The poll for road safety charity Brake among 1,665 children found 13 per cent of 11- to 13-year-olds and 6 per cent of nine- to 11-year-olds had been involved in such incidents.
In addition, more than half of those questioned said they had been involved in a near miss.
A similar proportion felt the roads around their home and school were dangerous for ped-estrians and cyclists, with 87 per cent believing vehicles travelled too fast in their area.
Brake, which published the poll to coincide with road safety week, described its findings as "outrageous".
Fraser Simpson, a campaign spokesman for the group, said: "All drivers have a part to play in making our roads safer for children, and one of the best ways we can do this is to slow down to 20mph or below around schools and homes.
"If you do, you have a good chance of being able to stop in time if a child runs out in front of you, and you're helping to make our communities greener, more pleasant, and more family-friendly.
"Children in Scotland understand the need for traffic to slow down, and are appealing to drivers to make this simple commitment."
Five children were killed on Scotland's roads last year, compared to 20 in 2008. Deaths this year include a five-year-old boy being hit by a lorry in Gullane, East Lothian, in August.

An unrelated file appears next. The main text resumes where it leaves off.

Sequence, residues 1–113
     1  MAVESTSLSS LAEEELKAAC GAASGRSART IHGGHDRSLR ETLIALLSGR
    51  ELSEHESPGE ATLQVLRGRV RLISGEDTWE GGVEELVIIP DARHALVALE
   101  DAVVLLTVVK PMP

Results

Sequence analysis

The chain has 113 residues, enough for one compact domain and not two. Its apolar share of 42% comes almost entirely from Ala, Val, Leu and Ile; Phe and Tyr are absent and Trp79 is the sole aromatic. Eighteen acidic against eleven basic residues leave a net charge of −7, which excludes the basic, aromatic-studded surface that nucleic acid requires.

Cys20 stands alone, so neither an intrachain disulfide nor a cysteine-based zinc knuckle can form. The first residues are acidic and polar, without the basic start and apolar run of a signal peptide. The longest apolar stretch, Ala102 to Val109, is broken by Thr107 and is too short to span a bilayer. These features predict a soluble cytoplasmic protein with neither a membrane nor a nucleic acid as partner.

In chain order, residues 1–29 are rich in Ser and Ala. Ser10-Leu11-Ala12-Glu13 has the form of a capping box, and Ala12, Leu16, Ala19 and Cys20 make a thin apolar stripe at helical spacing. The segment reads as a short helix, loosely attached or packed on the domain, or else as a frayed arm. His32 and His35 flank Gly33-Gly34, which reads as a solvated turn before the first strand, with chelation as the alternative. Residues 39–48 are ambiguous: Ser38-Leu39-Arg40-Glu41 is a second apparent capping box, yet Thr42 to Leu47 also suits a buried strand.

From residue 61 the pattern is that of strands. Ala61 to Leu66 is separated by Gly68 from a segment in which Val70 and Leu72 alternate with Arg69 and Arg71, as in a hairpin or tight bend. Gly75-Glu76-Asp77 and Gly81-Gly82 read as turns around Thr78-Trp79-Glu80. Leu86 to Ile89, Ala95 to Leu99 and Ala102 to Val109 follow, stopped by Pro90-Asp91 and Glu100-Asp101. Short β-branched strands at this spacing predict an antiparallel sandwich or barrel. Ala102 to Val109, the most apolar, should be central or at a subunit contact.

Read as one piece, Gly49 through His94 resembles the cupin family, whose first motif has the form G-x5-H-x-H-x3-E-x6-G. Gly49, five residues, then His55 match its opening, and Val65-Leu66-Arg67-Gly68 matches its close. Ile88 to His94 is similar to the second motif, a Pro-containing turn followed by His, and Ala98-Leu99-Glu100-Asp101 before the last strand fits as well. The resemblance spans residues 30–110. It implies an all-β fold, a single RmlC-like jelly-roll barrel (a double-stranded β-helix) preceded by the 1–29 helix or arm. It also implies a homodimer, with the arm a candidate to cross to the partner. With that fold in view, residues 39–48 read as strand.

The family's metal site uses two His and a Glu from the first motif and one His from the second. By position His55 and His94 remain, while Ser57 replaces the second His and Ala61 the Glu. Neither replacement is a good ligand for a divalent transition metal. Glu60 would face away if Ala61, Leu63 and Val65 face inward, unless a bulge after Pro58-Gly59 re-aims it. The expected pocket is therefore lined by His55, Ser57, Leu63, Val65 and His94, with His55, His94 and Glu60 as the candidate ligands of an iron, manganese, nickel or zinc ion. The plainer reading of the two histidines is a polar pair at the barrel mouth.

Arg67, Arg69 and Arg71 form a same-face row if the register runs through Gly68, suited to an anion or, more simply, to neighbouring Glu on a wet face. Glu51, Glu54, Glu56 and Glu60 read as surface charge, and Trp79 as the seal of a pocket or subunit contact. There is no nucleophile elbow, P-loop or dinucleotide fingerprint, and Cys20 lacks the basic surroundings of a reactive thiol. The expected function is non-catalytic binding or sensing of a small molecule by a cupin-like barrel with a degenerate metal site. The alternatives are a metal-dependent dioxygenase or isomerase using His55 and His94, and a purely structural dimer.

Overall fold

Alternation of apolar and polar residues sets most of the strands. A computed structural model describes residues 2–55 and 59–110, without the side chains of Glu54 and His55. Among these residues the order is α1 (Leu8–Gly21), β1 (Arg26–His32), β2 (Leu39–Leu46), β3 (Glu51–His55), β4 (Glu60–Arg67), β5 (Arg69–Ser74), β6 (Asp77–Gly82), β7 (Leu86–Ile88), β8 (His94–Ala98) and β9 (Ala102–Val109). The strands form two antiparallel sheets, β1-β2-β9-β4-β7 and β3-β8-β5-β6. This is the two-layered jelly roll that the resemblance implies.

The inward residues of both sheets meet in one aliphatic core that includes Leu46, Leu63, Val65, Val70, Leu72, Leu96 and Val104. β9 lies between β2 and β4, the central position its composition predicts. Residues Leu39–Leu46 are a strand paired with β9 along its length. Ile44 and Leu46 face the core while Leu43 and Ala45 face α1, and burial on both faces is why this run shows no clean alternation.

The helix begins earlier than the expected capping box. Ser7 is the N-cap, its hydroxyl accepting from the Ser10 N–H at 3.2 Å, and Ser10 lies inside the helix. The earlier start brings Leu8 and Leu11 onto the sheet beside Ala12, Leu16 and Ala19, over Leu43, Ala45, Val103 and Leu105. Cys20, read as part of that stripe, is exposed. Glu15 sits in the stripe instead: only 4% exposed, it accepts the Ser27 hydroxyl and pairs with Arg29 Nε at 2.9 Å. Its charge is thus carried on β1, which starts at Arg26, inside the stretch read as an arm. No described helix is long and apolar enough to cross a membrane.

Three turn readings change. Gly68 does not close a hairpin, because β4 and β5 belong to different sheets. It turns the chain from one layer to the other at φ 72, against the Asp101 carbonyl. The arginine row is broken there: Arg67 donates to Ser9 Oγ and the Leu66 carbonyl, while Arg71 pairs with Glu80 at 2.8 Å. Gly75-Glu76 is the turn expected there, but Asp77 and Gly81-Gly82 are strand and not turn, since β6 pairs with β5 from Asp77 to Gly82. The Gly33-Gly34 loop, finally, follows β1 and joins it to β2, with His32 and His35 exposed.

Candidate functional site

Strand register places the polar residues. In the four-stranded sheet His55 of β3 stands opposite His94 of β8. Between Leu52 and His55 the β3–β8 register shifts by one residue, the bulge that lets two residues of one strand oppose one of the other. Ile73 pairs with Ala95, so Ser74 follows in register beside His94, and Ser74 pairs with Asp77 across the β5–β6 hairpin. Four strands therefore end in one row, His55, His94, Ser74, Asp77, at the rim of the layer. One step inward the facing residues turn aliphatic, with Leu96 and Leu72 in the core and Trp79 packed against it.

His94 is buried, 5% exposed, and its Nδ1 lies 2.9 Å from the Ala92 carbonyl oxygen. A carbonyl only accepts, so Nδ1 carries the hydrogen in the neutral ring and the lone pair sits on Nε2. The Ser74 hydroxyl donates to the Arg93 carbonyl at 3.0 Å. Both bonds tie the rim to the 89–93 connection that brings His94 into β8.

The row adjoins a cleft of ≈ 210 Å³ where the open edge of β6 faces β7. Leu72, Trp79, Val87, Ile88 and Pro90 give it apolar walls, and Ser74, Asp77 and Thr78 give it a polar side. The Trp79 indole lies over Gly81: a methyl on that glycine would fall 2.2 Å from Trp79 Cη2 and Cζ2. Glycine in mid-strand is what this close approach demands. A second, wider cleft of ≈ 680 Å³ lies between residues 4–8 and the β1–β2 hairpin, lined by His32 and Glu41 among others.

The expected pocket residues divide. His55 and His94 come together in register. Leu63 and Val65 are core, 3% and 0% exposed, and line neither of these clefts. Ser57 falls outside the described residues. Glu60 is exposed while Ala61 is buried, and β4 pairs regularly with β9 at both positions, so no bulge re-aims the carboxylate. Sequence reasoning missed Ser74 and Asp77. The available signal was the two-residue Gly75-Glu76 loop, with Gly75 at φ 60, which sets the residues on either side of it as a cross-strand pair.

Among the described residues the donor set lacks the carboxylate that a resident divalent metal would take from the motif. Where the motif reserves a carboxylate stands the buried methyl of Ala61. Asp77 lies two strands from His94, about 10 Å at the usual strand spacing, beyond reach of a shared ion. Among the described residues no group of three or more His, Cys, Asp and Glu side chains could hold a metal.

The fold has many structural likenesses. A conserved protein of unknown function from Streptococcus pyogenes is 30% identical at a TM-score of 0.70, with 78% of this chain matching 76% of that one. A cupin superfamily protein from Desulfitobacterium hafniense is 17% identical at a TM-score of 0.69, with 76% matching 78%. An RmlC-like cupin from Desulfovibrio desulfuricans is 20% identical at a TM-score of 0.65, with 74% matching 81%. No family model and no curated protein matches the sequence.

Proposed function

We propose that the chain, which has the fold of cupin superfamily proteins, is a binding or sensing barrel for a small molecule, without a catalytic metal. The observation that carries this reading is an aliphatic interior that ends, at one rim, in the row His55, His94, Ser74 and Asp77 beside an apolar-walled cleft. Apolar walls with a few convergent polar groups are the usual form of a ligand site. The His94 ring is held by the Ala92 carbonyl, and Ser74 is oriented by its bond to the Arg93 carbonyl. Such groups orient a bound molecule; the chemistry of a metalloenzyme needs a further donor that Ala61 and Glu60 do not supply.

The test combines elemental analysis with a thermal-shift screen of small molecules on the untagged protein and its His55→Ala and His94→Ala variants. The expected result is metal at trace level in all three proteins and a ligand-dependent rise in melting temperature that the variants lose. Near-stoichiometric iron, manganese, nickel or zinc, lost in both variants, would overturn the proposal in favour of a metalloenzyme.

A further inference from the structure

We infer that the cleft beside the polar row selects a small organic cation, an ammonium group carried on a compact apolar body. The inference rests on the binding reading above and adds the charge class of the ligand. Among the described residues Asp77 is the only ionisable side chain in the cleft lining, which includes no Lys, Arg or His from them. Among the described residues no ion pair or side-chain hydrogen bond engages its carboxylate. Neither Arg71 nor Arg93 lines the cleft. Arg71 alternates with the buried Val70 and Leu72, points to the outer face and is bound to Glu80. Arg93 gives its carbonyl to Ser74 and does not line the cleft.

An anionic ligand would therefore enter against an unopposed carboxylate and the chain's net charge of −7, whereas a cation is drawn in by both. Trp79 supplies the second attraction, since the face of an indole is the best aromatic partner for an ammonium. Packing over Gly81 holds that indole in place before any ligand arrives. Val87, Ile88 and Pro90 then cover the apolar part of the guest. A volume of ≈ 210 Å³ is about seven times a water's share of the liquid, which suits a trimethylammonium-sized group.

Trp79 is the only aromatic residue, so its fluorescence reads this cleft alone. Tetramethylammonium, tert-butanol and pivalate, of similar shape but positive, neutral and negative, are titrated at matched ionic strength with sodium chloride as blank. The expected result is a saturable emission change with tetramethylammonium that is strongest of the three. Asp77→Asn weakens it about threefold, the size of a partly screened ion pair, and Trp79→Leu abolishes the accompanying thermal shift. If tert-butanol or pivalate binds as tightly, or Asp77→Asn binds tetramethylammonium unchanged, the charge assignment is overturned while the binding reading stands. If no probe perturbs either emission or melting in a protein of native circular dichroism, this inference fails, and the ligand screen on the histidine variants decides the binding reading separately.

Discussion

Transport Scotland said there were 20mph limits at most schools. A spokeswoman said: "Between 2003 and 2008, the Scottish Government provided grant funding of nearly 50 million to local authorities to implement 20mph speed limits around schools and related safety projects.
"Additional guidance was also provided in 2004 to assist local authorities in implementing 20mph speed limits around schools on roads with speed limits higher than 30mph.
"By the end of March 2008, when the funding stream ended, local authorities reported 20mph schemes were in place around 83 per cent of schools."
• Primary school children of any age cannot accurately judge vehicle speeds above 20mph, researchers at Royal Holloway, University of London, report today. Professor John Wann, who led the study, said it emphasised the need for drivers to slow down.